Central administration of corticotrophin releasing hormone but not arginine vasopressin stimulates the secretion of luteinizing hormone in rams in the presence and absence of testosterone

A. J. Tilbrook, B. J. Canny, B. J. Stewart, M. D. Serapiglia, I. J. Clarke

Research output: Contribution to journalArticleResearchpeer-review

25 Citations (Scopus)

Abstract

This study tested the hypothesis that central administration of corticotrophin-releasing hormone (CRH) and/or arginine vasopressin (AVP) will affect the secretion of LH in rams and that testosterone is necessary for these actions to occur. Plasma LH levels were measured in castrated rams during 1 h infusion of either 100 μl vehicle/mock cerebrospinal fluid (CSF) or mock CSF containing 25 μg CRH, 25 μg AVP or 25 μg of each peptide through guide cannulae into the third cerebral ventricle. These intracerebroventricular (i.c.v.) infusions were given to the castrated rams following injections (i.m.) each 12 h of oil or 8 mg testosterone propionate for 7 days. Blood samples were collected every 10 min for 4 h before i.c.v. infusion, during infusion and for 4 h following the infusion. Infusion of vehicle did not affect any endocrine parameters. In contrast, the plasma concentrations of LH and the amplitude of LH pulses were increased significantly during and following infusion of CRH, and this effect was not influenced by whether the castrated rams were treated with testosterone propionate or whether the CRH was administered in combination with AVP. Infusion of AVP alone did not affect LH secretion. The frequency of LH pulses and the plasma concentrations of FSH did not change with any of the i.c.v. treatments. The plasma concentrations of cortisol were significantly increased by CRH and AVP infusions. The plasma concentrations of cortisol achieved during and following i.c.v. infusion of CRH and AVP combined were greater than the concentrations achieved as a result of treatment with AVP alone but were similar to those with CRH. There was no effect of testosterone propionate on cortisol levels. These results show that CRH, but not AVP, is capable of acting either centrally or at the pituitary level to increase the secretion of LH in rams and these actions are not affected by testosterone. The stimulatory effects of CRH on LH secretion are to increase the amplitude of GnRH pulses and/or the responsiveness of the pituitary to the actions of GnRH with no effect on the frequency of GnRH pulses. The secretion of FSH in rams is not influenced by either CRH or AVP. The effect of CRH to increase LH pulse amplitude occurs in the face of increased cortisol levels, further reinforcing our belief that this adrenal steroid does not affect the reproductive axis in this species.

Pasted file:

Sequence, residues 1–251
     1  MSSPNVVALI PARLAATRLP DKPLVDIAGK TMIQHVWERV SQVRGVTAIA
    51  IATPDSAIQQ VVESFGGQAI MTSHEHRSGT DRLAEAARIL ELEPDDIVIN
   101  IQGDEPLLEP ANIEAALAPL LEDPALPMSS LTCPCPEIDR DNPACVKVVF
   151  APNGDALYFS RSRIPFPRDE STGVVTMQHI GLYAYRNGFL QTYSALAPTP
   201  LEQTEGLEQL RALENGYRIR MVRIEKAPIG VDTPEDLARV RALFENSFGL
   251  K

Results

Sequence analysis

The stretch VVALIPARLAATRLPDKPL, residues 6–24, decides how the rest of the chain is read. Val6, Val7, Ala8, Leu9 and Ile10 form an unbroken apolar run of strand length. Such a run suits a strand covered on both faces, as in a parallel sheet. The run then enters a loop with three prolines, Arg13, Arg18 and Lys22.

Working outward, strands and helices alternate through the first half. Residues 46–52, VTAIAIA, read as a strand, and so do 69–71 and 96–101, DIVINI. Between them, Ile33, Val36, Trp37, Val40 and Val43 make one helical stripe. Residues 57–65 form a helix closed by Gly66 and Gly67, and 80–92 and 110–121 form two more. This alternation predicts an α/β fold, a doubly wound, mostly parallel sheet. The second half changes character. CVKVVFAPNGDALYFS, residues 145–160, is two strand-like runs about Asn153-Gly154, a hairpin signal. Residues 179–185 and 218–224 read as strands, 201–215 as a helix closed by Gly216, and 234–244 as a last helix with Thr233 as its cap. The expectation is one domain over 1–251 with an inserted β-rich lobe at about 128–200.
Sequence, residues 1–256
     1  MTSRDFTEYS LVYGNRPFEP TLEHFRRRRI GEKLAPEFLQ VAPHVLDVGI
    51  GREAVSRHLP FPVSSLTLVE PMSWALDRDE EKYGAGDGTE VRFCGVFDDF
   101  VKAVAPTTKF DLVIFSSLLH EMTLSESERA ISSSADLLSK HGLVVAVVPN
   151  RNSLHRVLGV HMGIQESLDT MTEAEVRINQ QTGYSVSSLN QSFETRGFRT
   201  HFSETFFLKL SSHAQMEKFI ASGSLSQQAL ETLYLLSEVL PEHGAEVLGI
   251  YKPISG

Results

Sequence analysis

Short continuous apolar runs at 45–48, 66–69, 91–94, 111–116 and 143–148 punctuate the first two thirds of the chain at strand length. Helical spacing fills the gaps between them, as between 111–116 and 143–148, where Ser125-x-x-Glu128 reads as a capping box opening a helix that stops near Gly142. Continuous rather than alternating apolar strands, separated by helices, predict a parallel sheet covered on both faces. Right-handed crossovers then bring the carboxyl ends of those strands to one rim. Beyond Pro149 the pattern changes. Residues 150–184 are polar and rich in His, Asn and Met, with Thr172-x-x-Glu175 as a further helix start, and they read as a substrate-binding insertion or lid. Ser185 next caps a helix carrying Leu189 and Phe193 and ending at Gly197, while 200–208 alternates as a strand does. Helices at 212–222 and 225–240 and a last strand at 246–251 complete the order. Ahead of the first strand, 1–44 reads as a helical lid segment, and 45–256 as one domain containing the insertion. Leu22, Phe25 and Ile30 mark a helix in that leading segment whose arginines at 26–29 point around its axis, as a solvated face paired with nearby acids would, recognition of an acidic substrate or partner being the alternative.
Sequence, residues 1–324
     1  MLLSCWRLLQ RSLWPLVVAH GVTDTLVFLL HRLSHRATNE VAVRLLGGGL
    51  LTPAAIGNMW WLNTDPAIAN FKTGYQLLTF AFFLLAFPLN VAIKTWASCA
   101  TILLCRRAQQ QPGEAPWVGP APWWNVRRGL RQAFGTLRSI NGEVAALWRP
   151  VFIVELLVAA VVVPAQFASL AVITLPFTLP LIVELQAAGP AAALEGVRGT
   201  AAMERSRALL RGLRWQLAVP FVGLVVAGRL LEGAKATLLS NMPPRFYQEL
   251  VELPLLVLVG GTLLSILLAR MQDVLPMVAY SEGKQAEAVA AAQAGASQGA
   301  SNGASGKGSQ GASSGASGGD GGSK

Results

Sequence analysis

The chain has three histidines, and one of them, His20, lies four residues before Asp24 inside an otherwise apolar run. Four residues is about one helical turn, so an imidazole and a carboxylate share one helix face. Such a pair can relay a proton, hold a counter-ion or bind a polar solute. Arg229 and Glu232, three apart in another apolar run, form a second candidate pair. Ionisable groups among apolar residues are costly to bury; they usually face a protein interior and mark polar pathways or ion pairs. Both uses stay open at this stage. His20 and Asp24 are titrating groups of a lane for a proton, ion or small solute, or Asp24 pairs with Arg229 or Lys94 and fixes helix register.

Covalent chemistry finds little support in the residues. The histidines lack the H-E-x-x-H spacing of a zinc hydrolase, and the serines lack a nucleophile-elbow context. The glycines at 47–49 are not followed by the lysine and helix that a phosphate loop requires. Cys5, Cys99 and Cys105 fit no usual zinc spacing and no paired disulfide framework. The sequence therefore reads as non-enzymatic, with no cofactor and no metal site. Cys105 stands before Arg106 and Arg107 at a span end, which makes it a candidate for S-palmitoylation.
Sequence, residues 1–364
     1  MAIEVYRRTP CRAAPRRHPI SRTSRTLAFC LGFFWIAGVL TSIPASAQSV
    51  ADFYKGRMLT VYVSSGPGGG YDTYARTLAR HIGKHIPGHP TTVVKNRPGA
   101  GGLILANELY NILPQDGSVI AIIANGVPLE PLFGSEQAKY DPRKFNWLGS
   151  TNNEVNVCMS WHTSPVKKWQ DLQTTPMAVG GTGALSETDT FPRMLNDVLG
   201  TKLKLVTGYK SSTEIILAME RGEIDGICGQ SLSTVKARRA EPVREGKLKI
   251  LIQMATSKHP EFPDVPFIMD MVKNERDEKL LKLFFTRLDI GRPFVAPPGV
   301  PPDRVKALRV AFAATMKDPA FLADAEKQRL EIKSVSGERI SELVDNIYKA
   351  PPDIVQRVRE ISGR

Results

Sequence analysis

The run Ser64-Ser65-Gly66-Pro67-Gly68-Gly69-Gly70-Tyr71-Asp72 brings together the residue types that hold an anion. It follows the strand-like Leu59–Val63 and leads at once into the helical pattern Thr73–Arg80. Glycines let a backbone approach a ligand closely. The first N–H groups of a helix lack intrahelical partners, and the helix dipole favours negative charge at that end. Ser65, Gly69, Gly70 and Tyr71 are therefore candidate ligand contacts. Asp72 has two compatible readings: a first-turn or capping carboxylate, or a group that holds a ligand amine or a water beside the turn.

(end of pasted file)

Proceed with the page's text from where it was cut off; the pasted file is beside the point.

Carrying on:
Original languageEnglish
Pages (from-to)301-311
Number of pages11
JournalJournal of Endocrinology
Volume162
Issue number2
DOIs
Publication statusPublished - 16 Aug 1999

Cite this